Phoenix Rising Researcher of the Year Pt. 1

Posted by Cort Johnson

The Researcher of the Year analysis doesn’t just take research into account; it also includes their outreach into the patient community and their impact on how the research field is functioning. This year the Researcher of the Year was an easy choice. Dr. Vernon excelled in all three categories in 2008.

(As she did in 2009. I only got to the 2008 Researcher of the Year award late in 2009 but my tardiness only worked out to Dr. Vernon’s advantage. In 2009 she picked up on and expanded her work with the exciting new International Research Network – this award includes work done in both years)

Dr. Vernon made an enormous leap when she left the security of a 17 year career at the CDC to become Scientific Director of the CFIDS Association America (CAA). As Scientific Director she was tasked with redoing the CAA’s research program, interacting with government officials to stimulate their efforts, with bringing new faces into the research field, and in general trying to make the entire ME/CFS research field more effective and productive. She has accomplished all of these and it wasn’t easy.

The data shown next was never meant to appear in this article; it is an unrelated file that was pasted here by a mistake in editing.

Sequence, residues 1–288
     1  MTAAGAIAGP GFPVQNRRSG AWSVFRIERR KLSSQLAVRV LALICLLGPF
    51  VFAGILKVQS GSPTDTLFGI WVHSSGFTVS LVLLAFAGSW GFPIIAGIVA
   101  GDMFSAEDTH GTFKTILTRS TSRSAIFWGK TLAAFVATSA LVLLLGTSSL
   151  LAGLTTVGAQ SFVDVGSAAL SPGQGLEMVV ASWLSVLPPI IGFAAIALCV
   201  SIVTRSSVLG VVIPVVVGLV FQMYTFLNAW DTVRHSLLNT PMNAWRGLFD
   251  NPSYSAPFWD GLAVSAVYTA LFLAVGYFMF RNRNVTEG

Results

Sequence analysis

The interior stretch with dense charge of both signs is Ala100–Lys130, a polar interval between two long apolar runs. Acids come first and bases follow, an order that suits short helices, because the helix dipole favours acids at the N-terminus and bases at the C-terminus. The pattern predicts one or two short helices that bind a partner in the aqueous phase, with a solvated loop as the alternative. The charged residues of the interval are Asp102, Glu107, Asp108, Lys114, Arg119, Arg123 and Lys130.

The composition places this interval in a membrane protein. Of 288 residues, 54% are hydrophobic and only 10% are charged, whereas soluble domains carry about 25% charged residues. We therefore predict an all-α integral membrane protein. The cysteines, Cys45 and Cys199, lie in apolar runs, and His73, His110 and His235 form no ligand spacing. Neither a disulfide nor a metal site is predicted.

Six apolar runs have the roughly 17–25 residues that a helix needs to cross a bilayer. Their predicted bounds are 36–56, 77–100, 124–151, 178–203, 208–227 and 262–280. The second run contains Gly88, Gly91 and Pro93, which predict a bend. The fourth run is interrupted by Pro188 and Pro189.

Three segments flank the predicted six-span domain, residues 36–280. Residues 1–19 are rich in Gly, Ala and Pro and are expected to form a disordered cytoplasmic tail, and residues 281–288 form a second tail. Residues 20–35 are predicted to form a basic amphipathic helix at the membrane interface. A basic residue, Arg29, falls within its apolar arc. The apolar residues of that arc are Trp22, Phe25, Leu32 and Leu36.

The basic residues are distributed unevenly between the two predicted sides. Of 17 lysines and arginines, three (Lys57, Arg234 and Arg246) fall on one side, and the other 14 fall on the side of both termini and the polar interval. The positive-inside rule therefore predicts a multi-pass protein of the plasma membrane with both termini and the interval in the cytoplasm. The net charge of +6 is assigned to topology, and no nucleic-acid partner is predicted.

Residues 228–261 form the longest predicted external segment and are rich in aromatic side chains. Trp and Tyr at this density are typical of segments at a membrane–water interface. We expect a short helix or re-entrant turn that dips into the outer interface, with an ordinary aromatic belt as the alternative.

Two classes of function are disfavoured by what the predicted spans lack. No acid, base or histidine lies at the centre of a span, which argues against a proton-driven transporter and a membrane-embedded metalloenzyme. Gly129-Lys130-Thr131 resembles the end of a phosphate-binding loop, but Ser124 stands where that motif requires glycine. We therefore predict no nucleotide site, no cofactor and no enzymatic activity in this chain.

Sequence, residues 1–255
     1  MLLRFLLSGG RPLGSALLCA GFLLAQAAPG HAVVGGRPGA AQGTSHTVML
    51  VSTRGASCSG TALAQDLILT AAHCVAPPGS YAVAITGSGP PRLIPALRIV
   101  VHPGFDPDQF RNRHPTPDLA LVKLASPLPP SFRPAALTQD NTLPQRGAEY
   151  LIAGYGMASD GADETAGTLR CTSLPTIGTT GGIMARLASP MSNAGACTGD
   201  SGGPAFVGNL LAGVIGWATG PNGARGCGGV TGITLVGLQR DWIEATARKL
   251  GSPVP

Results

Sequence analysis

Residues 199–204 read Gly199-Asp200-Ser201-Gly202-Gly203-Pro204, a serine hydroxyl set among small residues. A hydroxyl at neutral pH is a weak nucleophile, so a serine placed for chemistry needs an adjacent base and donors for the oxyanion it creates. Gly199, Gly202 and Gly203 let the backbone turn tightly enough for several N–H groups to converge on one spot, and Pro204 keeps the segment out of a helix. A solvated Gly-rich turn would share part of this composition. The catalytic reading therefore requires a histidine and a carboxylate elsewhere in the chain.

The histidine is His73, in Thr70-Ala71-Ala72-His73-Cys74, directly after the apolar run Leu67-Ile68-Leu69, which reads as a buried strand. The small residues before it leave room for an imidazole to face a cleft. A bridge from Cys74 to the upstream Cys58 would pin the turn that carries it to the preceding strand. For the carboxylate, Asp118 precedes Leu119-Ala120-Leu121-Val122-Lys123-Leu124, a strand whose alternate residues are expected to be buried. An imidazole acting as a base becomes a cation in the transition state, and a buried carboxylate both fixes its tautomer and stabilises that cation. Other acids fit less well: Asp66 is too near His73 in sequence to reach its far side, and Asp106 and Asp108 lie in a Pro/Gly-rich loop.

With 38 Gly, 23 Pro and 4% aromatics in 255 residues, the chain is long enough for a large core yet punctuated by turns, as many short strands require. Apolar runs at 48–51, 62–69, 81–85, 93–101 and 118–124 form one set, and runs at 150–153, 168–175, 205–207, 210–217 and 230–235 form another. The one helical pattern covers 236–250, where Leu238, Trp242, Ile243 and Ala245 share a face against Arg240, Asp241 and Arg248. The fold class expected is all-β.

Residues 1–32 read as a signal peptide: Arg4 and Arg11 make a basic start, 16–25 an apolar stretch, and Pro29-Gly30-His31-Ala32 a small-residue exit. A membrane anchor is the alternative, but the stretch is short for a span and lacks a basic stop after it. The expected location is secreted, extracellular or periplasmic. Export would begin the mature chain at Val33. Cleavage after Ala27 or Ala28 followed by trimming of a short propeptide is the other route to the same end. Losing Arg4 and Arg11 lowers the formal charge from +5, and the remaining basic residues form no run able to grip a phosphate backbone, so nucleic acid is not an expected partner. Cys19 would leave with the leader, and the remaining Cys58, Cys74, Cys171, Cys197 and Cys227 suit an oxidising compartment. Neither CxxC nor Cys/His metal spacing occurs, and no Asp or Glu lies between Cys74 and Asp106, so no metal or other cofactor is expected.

A Difficult Field – ME/CFS researchers are all over the map – or rather the body; they’re studying everything from viruses to the HPA axis to the vascular system. These factors may all connect together in this disease but unfortunately the researchers usually don’t. Virologists do not typically interact with endocrinologists and endocrinologists don’t usually spend much time with cardiologists. Unfortunately, if we’re going to understand this disease, though, those are the kinds of conversations that are needed.

It doesn’t help that most ME/CFS research ‘programs’ consist of one or two researchers working on a shoestring by themselves. It’s difficult to build the kind of communication that drives so much innovation in science when you’re isolated and poor. Plus the shoestring budget most ME/CFS researchers work on means that many of them simply don’t have the money to even begin to assess their theories.

Dr. Vernon well recognizes that these things have inhibited our progress in understanding CFS. In an at times biting speech at the IACFS/ME conference, Dr. Vernon laid out all that the research community hasn’t accomplished in the last 25 years; good diagnostic criteria, biomarkers, identifying subsets, clear treatment programs, etc. XMRV may or may not the big answer the ME/CFS community has been waiting for, but it’s clear that the present ‘Go It Alone’ approach which consists a lot of small teams working by themselves – is not working for them and its not working for us.